During much of the coronavirus pandemic, Jean Savitsky’s workplace — the Museum of Modern Art (MoMA) in New York — had been quiet. And empty. Wandering through its galleries, you could really see the art; “It was a beautiful experience,” she says.
But on a humid July afternoon this summer, the people are back. They form small clusters outside of MoMA’s West 53rd entrance and Savitsky ’85 — who worked for five years leading the museum’s $450 million expansion — is pleased. They are the reason MoMA is here, she says.
“To see people engaging with the art — maybe they’re New Yorkers and they’re here all the time,” she says. “Or maybe it’s someone who has always wanted to come and see ‘Starry Night’ or ‘Christina’s World,’ and they finally get to do it. … And then they turn and see something else they’ve never seen before, and you’re just listening to their comments and their enthusiasm.
“That’s what all of this is for.”
Mastering schedules and diplomacy
From 2014 to 2019, Savitsky, who is MoMA’s director of real estate and sustainability and a 35-year veteran of New York’s real estate and construction industry, led the expansion and renovation of this beloved icon. It has unveiled, in the words of the museum, “a reimagined presentation of modern and contemporary art.”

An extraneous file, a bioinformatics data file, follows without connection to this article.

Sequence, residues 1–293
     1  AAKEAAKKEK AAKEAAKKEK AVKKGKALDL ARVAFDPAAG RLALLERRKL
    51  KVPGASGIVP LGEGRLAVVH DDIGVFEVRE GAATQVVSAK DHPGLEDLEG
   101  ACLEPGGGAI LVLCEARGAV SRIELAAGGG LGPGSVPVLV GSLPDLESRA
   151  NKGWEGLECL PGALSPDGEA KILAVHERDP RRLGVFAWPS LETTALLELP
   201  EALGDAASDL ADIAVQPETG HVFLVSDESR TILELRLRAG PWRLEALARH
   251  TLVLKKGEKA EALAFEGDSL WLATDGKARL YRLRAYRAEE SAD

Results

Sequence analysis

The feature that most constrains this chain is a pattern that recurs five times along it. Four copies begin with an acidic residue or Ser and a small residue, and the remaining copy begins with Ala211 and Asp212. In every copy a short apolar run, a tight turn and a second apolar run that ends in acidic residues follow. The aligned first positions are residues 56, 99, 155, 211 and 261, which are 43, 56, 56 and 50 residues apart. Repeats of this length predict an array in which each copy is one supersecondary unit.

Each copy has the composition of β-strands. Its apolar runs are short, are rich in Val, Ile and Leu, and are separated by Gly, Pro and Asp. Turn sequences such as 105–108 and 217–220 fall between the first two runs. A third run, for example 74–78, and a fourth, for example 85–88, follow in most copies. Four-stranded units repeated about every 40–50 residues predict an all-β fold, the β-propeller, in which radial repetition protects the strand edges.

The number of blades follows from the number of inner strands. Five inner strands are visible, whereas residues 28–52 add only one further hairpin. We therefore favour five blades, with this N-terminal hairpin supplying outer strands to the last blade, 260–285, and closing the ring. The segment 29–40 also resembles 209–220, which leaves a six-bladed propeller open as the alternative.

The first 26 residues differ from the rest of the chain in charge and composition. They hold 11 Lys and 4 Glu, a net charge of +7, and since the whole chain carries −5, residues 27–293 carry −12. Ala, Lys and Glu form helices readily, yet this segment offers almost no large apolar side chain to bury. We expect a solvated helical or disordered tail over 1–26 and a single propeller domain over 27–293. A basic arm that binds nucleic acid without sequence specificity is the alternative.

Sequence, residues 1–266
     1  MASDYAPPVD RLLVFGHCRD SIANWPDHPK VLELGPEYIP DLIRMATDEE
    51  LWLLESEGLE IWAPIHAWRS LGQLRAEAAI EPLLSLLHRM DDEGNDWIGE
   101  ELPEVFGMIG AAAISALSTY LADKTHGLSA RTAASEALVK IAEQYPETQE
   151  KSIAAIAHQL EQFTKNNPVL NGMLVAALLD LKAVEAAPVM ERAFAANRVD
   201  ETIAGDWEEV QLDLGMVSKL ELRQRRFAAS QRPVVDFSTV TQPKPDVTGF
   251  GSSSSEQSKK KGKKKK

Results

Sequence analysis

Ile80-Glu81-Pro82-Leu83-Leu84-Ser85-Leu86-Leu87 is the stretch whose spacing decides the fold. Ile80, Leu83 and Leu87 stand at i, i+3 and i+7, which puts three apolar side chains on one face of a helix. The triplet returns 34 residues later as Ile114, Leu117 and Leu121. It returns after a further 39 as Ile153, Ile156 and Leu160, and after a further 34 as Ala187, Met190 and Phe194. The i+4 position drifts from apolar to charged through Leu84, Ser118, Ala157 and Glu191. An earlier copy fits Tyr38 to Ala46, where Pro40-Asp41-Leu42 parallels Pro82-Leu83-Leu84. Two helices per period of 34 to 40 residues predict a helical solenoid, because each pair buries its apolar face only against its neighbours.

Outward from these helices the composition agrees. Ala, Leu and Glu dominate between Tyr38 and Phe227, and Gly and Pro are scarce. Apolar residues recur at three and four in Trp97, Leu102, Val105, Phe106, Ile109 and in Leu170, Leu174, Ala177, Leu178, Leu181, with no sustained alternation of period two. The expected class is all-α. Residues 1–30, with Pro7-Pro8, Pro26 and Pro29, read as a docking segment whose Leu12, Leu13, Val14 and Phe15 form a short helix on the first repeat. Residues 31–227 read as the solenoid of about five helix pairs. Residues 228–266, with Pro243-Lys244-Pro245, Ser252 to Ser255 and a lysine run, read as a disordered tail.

To this end, MoMA added more than 40,000 square feet of additional gallery space — presenting more works by more artists, including some pieces from its permanent collection that are being seen by the public for the first time. Many galleries now show work chronologically, so you’ll see paintings, sculpture, photography, design and other art forms from the same time period together, to give historical context. There’s a new high-tech performance space; a new Creativity Lab for educational programming; a new museum store; a free street-level gallery for passersby along 53rd Street, among other improvements.
This highly complex project involved combining three separate buildings. There was the westward expansion into a new condominium development — literally sliding three floors of exhibition space into this towering skyscraper. It involved the demolition of the American Folk Art Museum, to also help expand gallery space. In the process, Savitsky led the project to LEED Platinum certification for its environmentally friendly design and construction.
She sums up her job: “I had to control the budget, I had to control the schedule and I had to control the scope” — not an easy task.